When the Venezuelan government banned Henrique Capriles, a Venezuelan opposition leader, from running for office in the next fifteen years, Venezuela erupted. Capriles is the most prominent leader in the reformation movement. He is the governor of the Miranda state and has lost both presidential elections against Hugo Chavez and against Maduro, the current Venezuelan president. The Venezuelan government hoped that banning Capriles would soothe tensions and reduce the number of the riots among the streets. Yet, contrary to what they expected, the streets erupted on Saturday as a form of protest to the banning of the Henrique Capriles.
The rally occurred peacefully in Carcass, but escalated when youths threw firebombs and rocks at parliament. This then resulted in the security forces to fire rubber bullets and tear gas at protesters. Opposition leader, Henrique Capriles said: “[The security forces] are mobilised as if this was a war.” Unfortunately, Armando Canizales, 17, died after being struck in the neck. A video shows the teenager whisked away, as his friends yell “No, Amarando!” Within this month of political turmoil, thirty-five people have died and many more are wounded. One of those wounded was Freddy Guevara, the legislator’s first vice president, who tweeted to Maduro, “An injury from your dictatorship is a medal of honor.” The people of Venezuela were aware of the consequences, as the government had warned protesters about protesting in the streets.
No warnings could stop the people, however, as tensions in Venezuela have been rising. This riot not only shows the growing anger of the people towards the government, but it also reflects the historical division in Venezuela. Venezuela is split into the Chavistas, which oppose socialism, and United Socialists Party (PSUV) which encourages socialism. The past two presidents have come from the PSUV party, which worries the Chavistas who think that the PSUV is beginning to remove democracy from Venezuela. Unlike Mr. Chavez, who is the president that died in 2013, Maduro is unable to rally the Chavistas to his side.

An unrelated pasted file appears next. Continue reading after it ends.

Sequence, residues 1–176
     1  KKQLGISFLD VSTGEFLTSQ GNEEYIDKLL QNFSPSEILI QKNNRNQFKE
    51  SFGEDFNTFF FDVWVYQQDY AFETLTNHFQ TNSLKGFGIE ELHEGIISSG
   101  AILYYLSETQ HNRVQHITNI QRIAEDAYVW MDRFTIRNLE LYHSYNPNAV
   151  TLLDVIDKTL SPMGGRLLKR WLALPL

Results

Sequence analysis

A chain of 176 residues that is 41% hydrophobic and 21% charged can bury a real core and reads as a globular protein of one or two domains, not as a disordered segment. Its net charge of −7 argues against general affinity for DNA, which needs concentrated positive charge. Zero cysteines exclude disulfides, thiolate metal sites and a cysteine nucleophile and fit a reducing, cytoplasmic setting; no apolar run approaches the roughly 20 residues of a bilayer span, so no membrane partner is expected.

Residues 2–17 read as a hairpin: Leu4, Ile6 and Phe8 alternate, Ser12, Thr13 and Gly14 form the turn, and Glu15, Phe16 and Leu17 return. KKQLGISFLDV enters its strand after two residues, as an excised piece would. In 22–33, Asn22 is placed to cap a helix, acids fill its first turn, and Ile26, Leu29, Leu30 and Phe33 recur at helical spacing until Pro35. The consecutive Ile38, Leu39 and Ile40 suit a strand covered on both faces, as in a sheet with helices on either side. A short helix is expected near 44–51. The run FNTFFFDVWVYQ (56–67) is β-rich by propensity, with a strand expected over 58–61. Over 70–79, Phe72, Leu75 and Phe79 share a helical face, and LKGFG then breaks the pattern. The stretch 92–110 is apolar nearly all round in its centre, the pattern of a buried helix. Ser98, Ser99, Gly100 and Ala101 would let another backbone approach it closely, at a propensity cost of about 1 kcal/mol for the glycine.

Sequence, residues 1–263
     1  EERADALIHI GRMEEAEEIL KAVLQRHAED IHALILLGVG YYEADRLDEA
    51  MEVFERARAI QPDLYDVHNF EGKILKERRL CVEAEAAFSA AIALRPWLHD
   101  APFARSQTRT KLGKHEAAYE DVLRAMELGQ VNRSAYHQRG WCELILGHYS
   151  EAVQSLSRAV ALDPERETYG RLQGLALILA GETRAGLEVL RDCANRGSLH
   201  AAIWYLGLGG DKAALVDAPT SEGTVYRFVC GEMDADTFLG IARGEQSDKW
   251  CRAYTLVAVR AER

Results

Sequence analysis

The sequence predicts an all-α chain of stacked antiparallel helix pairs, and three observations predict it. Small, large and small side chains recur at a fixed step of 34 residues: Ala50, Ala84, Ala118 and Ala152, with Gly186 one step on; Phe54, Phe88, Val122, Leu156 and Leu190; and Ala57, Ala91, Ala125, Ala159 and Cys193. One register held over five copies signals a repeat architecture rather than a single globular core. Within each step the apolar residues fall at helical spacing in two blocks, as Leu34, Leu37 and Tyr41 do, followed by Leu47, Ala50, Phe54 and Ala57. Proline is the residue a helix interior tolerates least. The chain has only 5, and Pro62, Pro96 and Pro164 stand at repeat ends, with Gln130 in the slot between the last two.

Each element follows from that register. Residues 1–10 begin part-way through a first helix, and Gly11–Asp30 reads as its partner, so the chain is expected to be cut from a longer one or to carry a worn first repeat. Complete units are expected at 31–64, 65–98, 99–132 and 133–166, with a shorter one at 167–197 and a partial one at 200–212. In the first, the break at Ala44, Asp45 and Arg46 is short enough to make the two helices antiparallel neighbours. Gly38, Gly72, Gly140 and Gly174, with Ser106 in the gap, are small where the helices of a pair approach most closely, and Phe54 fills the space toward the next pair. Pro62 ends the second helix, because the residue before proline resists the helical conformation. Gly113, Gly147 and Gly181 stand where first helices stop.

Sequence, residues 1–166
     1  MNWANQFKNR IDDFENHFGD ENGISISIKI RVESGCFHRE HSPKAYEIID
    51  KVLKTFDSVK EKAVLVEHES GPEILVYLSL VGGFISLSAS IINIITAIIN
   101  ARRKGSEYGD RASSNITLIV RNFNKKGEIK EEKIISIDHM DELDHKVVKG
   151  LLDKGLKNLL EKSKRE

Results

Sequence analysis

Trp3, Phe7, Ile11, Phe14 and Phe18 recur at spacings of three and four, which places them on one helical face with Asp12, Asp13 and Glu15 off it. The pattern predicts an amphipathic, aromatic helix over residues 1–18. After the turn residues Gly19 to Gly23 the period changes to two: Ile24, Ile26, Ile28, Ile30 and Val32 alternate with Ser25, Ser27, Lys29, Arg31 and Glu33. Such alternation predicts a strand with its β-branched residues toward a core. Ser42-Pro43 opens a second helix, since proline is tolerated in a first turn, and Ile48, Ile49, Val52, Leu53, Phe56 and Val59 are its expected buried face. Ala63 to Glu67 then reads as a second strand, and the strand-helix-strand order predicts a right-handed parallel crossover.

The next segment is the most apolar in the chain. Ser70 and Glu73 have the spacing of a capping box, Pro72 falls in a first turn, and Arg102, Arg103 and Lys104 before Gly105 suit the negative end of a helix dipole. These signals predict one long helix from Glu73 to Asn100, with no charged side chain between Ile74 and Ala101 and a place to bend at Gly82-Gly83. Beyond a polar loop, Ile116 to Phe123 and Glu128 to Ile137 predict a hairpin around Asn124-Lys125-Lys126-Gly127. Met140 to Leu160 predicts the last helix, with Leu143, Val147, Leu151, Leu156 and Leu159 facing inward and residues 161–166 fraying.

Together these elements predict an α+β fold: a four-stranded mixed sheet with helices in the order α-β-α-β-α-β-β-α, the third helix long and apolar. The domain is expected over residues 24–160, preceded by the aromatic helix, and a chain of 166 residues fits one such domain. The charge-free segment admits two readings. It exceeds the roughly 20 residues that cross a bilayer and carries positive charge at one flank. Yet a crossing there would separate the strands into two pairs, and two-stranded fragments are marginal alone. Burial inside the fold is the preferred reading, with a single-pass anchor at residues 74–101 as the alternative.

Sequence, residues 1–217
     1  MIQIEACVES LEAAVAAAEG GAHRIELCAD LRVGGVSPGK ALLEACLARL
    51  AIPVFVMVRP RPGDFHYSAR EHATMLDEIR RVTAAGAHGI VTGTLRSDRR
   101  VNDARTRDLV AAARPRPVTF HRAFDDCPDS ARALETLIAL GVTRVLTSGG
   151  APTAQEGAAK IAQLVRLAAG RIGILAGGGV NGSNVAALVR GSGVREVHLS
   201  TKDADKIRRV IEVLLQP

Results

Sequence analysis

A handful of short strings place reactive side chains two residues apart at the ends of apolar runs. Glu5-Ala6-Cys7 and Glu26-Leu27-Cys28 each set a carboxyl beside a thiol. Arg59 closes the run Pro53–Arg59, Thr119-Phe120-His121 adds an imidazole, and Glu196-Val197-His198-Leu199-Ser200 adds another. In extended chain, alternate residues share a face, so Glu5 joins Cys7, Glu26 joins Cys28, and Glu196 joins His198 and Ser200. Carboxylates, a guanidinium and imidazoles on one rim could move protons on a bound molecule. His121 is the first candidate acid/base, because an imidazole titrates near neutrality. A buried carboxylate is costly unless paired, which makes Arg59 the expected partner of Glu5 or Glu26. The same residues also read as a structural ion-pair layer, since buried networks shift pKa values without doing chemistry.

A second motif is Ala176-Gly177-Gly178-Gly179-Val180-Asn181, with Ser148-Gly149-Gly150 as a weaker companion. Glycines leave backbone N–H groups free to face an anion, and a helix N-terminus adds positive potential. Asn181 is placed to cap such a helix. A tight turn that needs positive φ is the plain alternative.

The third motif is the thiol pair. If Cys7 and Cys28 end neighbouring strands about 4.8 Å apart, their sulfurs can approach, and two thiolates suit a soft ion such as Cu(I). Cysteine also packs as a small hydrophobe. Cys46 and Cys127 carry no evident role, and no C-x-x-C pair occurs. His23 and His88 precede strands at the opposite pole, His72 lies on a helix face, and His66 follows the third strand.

One reason is due to the economy which begins to plummet as Venezuela exports less oil. Oil accounts for 95% of Venezuela’s export revenue. The shortage of oil revenue has resulted in a reduction in social programmes, thus making Maduro unpopular among the people of Venezuela. Economists predict a 700% inflation of consumer prices, with the trend that is occurring. Venezuela also faces problems of food trafficking, and many people are starving on the streets. The US has offered to help Venezuela with 10 billion dollars, but Maduro has rejected the request at the fear of U.S power in foreign affairs.
Tensions further rose in March 29th, when the Supreme Court decreased the power of the National Assembly, which therefore heightened the power of Maduro. The people of Venezuela fear that they’re moving into a dictatorship of President Maduro. During the riot, many posters said “No Dictadura.” Then on May day, Maduro announced that he plans to change the constitution in order to defeat “coup-plotters” for peace. Opposition leaders propose that Maduro is simply trying to maximize his own power before his time comes to an end.
The culmination of these events heightened the tensions between the government and the people and lead to that riot in Caracas. The opposition requests for Maduro to leave office, for President Elections in 2017, a creation of “humanitarian channel” which would accept help from other nations, and a release of “political prisoners.”